There are a ton of reputable, worthwhile organizations out there helping wounded service men and women and their families, but I’m especially excited about this one. Sew Much Comfort reconfigures regular clothes for the wounded. Creating side openings with velcro on shirts or boxers, widening pant legs to accomodate casts, etc. This is something I have the skill to do! So I signed up for a seamstress packet. They’ll send me a project, and I send it back for a (probably much needed) quality check. Hopefully, I’ll do a good job and be able to help on a regular basis.
I’m posting this here because I know there are quite a few sewers that frequent my little blog. But if you don’t sew, they also accept all kinds of contributions – everything from money to clothes to fabric.
However you decide to help, just help. The media and the Bush administration may go on and on about decreases in numbers of casualties, but the numbers of wounded have never been properly accounted for or reported. Conservative estimates are around the 30,000 mark.
If guys like Marine Corps Master Seargeant William Gibson will GO BACK after losing a leg, I think I can alter a few t-shirts and boxers for the ones who aren’t back in cammies just yet.
Just for info…because LOTS of people don’t know…here’s what Memorial Day is all about: it’s a day of remembrance for those who have died in our nation’s service.
Two years ago, I was in DC for a conference for work. I was seven months pregnant, and I decided to hike a few miles through Arlington National Cemetery to find my maternal great-grandparents’ graves. It was so hot, and I didn’t bring any water. It took a little doing (and a lot of sweating), but I found their graves, and I was so proud. As I was walking back to the Metro, I saw a full funeral procession, complete with caisson and I started bawling. Even sadder was all the fresh grave sites at the front of the cemetery.
This little journey was as much a tribute to my unborn son, mother and grandmother as it was to my great-grandparents. My mom passed away on June 5, 1994. The day I went to Arlington was June 6, 2005. My grandmother died before I was born. My great grandfather was a West Point grad, retired as a Colonel in the Army (after serving in WWI and WWII), and then worked for the CIA. My great grandmother gets to be buried next to him, so they rest side by side in the nation’s most well known military cemetery. I cried for all the family my son will never know, and for the proud military heritage I have on both sides of my family. On my mother’s side, military service goes all the way back to the Revolutionary War. On my father’s side, I’m the latest (and the first female) of at least one of each generation serving in either the Army, Air Force or Navy. We don’t have any Marines – yet. But we do have a nurse, a few pilots and at least one Airborne Ranger.
I plan to visit the other national cemeteries where my family members are buried. Even the one in Hawaii where my great uncle – my father (and my son’s) namesake – is buried, after being shot down during WWII.
I hope we all remember to take a minute to remember these men and women – and to be grateful for their sacrifice. I’m certain I wouldn’t be running my mouth on this blog all the time if it wasn’t for them ensuring my free speech.
John Edwards has set up a great site called SupportTheTroopsEndTheWar.com – it’s got a lot of activities we can do during Memorial Day weekend (or every day – if you’re motivated) to voice our feelings that our Soldiers, Marines, Airmen and Sailors should not be in Iraq any longer.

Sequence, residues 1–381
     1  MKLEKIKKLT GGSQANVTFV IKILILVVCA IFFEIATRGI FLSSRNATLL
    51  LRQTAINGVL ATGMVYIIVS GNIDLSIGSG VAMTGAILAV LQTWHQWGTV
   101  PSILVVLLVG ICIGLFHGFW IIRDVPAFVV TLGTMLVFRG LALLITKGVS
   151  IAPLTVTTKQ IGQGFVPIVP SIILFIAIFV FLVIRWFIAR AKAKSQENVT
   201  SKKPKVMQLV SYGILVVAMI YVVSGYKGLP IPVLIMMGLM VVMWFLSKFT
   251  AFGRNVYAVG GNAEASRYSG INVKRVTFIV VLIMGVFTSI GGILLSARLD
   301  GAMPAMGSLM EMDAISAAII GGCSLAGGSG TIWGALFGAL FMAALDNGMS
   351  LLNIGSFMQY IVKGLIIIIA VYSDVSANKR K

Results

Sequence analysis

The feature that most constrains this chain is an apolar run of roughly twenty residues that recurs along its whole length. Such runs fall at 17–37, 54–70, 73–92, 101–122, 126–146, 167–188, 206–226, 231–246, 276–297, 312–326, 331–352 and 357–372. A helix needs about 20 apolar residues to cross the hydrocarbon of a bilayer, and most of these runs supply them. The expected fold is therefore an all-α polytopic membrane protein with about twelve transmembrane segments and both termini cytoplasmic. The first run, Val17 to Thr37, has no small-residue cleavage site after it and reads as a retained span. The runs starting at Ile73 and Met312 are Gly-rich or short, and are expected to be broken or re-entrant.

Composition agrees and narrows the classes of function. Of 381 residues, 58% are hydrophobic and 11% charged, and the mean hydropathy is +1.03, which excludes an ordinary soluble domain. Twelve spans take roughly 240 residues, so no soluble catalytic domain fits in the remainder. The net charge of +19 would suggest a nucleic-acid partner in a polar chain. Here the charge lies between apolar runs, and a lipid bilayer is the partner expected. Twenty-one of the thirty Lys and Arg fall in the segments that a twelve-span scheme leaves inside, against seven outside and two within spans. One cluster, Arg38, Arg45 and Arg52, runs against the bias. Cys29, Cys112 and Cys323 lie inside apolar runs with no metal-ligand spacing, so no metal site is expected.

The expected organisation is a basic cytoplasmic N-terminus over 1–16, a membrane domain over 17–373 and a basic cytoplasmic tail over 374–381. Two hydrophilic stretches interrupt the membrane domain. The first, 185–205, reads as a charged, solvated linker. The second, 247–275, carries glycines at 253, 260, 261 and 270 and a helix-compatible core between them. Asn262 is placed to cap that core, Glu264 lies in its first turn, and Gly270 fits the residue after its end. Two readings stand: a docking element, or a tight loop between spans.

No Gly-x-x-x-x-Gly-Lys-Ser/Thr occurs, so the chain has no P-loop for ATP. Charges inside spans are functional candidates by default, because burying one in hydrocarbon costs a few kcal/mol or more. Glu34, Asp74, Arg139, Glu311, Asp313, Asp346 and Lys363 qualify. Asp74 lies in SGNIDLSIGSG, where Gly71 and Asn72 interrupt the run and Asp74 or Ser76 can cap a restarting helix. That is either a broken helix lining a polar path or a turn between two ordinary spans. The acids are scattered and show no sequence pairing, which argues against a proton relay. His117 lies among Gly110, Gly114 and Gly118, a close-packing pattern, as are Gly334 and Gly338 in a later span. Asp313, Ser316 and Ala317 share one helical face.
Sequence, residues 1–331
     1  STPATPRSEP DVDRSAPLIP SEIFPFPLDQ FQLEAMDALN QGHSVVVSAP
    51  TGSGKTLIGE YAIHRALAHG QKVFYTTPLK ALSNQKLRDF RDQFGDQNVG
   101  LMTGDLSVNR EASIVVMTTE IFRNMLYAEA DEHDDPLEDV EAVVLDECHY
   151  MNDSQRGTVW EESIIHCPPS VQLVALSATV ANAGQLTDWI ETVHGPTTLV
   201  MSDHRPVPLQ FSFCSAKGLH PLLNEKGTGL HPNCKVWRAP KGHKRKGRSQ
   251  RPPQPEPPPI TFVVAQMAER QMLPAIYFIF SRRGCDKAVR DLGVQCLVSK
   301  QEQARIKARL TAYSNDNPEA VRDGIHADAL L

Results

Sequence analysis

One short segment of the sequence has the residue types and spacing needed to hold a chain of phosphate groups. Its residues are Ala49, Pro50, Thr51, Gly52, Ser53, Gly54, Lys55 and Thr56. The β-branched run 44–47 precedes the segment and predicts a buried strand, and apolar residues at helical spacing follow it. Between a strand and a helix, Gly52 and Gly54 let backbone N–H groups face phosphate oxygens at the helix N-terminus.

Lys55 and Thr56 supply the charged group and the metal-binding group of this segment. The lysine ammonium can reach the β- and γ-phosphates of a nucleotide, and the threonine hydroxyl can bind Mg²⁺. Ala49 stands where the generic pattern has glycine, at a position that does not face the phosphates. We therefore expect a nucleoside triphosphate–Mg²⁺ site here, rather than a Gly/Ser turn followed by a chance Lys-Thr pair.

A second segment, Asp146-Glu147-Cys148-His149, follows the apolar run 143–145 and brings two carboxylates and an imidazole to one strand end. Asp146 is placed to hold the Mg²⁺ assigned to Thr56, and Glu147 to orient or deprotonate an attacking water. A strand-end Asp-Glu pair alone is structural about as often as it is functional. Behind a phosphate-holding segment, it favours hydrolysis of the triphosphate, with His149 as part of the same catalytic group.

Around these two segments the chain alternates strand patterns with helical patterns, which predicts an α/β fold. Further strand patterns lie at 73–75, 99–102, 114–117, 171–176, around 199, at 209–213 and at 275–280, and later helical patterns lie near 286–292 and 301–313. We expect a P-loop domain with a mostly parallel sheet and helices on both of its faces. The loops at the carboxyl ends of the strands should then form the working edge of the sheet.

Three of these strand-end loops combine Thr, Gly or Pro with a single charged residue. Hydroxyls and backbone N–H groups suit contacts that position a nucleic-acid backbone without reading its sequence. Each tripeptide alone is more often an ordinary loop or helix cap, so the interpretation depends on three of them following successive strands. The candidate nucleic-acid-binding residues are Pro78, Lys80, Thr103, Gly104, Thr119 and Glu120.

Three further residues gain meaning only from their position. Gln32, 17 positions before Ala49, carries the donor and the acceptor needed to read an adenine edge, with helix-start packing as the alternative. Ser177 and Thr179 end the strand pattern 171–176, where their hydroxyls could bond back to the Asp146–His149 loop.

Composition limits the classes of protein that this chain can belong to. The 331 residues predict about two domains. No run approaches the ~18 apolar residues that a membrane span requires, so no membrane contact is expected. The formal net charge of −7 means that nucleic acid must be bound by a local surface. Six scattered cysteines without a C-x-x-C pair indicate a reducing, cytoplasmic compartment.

This weekend, we visited my brother in law at his new duty station, Ft. Irwin. I’m not going to sugar-coat it, it’s an awful place. The term “God-forsaken” is about as apt as you can get. We encountered many a strange insect and animal in his backyard, it was ridiculously hot, and very very isolated. I feel so bad for him. I was hoping he’d find a little joy and purpose in his job, but as of now (he’s been there a little over a month), it’s not going so well. He’s a Staff Sergeant (E6) in a job (MOS) that has too many Staff Sergeants, and very few Sergeant First Class (E7) positions, so he can’t get promoted until some of those people get out of the Army or get promoted to E8 – of which there are even fewer positions. So even after two tours in Iraq, one to Kosovo and one to Bosnia in the last five years, his promotion potential is very very small. Add to that an inordinate amount of confusion and mismanagement in his new unit, and he is very unhappy.
We talked a little about his first tour in Iraq, and we all got teary eyed because it’s such a depressing situation. He spoke of the good he did (building a school, playing soccer with Iraqi children) but he also spoke of the Iraqi’s inherent distrust of Americans and the lack of trustworthiness of many Iraqi’s.
It’s really an awful situation that our service men and women are in.
After 14 years of service, my brother-in-law is seriously considering getting out. Not because of deployments that have ruined his marriage. Not because he missed the whole first year of his second daughter’s life. But because the Army doesn’t make sense to him anymore. The war in Iraq overrides everything. This means he will forgo his retirement. He’s that unhappy. And this is someone who REALLY REALLY REALLY loved being a soldier. It breaks my heart.
Looking for ways to show your support for our Military? Click here for options.
From the America Supports You website:
A declaration in 1999 encouraged U.S. citizens to observe May as Military Appreciation Month “in a symbol of unity – to honor the current and former members of the armed forces – including those who have died in the pursuit of freedom and peace.”
A quote from Senator Barbara Boxer:
“When service members are discharged, we should express our gratitude for their profound personal sacrifice, not hand them a bill for their hospital food.“